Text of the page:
An under-trained, over-worked skeleton crew. Failed certifications, failed electrical systems. Primary navigation running on Windows 2000. Radar tool that fails at the most basic function of radar and can’t automatically track other ships: “[t]o keep the screen updated, a sailor had to punch a button a thousand times an hour.” ProPublica‘s comprehensive investigation into USS Fitzgerald’s collision with a cargo ship in the South China Sea, by T. Christian Miller, Megan Rose, and Robert Faturechi, reveals the long chain of poor decisions and pressures that led to seven deaths and forced sailors to make truly horrifying decisions:
Vaughan and Tapia waited until they were alone at the bottom of the ladder. When the water reached their necks, they, too, climbed out the 29-inch-wide escape hatch. Safe, they peered back down the hole. In the 90 seconds since the crash, the water had almost reached the top of Berthing 2.
Now they faced a choice. Naval training demanded that they seal the escape hatch to prevent water from flooding the rest of the ship. But they knew that bolting it down would consign any sailors still alive to death.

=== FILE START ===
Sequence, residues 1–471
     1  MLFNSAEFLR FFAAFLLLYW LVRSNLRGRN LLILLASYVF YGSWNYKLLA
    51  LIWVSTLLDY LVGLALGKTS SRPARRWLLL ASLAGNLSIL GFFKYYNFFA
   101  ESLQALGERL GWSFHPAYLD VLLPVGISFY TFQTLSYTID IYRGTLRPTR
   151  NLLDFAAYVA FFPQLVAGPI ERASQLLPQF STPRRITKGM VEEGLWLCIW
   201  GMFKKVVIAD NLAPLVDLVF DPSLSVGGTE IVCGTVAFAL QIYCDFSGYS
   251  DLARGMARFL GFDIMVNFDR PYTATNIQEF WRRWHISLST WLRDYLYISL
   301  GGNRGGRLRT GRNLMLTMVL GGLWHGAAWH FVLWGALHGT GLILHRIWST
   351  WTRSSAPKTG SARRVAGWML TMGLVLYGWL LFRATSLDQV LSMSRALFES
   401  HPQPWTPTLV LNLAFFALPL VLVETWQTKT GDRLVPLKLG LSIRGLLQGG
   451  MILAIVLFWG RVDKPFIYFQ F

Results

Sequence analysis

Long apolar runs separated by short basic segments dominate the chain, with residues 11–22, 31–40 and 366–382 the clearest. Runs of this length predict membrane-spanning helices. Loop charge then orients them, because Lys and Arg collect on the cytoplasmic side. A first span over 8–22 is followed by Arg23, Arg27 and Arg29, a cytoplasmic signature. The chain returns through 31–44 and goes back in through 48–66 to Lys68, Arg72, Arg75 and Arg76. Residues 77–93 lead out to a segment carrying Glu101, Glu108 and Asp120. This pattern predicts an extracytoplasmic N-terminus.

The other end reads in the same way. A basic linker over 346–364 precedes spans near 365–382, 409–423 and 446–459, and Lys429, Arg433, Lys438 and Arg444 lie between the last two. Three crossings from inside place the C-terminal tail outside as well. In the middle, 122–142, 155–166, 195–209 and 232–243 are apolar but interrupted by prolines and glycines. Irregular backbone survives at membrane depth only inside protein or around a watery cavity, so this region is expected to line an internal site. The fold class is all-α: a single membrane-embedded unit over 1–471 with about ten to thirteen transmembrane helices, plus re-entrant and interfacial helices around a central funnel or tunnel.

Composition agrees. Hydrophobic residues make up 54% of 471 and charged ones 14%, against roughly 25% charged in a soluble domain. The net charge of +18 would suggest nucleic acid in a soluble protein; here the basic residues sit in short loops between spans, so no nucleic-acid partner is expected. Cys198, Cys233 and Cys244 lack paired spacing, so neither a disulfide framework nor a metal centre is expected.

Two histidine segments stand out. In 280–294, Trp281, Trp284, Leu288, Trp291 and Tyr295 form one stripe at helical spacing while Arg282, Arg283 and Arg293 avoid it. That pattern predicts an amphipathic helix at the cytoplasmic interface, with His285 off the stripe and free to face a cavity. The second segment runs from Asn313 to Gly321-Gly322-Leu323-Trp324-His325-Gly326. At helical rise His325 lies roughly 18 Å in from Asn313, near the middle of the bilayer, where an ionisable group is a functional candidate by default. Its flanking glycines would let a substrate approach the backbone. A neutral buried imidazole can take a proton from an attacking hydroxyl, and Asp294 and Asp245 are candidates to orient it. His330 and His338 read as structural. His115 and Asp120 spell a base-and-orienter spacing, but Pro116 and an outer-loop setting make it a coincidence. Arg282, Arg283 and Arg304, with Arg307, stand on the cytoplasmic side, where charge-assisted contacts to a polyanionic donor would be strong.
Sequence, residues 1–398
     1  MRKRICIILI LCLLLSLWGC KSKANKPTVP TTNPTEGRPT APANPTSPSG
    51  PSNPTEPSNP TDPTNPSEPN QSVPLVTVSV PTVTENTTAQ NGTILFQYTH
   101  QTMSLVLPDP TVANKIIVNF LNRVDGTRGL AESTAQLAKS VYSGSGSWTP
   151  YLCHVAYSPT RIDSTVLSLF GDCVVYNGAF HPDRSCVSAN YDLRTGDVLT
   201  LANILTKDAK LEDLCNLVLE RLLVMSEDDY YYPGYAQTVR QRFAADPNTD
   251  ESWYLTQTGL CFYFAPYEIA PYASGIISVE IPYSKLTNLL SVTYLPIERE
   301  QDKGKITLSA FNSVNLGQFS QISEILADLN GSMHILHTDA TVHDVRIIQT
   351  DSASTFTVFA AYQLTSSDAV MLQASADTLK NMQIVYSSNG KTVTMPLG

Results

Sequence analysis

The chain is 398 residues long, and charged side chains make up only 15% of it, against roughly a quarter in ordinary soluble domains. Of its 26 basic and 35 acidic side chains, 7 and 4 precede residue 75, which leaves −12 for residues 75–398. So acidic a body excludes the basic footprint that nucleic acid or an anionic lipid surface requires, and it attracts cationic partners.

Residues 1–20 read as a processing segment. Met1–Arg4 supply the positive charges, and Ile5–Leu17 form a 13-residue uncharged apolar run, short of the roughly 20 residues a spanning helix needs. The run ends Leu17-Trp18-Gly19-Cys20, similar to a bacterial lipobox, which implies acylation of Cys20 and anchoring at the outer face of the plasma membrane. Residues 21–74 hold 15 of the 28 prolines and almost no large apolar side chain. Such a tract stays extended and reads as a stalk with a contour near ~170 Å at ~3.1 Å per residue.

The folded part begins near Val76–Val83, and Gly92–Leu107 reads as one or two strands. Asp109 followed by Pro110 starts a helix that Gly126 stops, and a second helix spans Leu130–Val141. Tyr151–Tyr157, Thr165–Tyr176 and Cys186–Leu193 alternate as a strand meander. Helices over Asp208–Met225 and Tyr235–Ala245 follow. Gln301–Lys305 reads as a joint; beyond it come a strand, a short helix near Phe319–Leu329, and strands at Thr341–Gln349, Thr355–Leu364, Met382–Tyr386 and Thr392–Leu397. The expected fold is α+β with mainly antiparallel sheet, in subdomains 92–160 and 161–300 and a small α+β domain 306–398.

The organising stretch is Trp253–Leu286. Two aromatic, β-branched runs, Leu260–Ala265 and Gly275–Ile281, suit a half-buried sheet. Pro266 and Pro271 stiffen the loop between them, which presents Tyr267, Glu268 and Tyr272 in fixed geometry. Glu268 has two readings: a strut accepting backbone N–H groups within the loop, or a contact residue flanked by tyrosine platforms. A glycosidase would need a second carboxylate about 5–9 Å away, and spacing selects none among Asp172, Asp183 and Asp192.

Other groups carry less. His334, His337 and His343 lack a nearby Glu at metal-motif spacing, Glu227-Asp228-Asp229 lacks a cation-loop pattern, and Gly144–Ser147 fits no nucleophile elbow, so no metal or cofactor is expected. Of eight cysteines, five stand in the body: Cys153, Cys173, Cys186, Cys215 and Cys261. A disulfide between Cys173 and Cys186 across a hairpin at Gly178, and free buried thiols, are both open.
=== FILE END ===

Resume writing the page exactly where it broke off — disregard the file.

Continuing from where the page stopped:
Vaughan and Tapia hesitated. They agreed to wait a few seconds more for survivors. Tapia leaned down into the vanishing inches of air left in Berthing 2.
“Come to the sound of my voice,” he shouted.
The Fitzgerald had been steaming on a secret mission to the South China Sea when it was smashed by a cargo ship more than three times its size.
The 30,000-ton MV ACX Crystal gouged an opening bigger than a semitruck in the starboard side of the destroyer. The force of the collision was so great that it sent the 8,261-ton warship spinning on a 360-degree rotation through the Pacific.
On the ship’s bridge, a crewman activated two emergency lights high on the ship’s mast, one on top of the other: The Fitzgerald, it signaled, was red over red — no longer under command.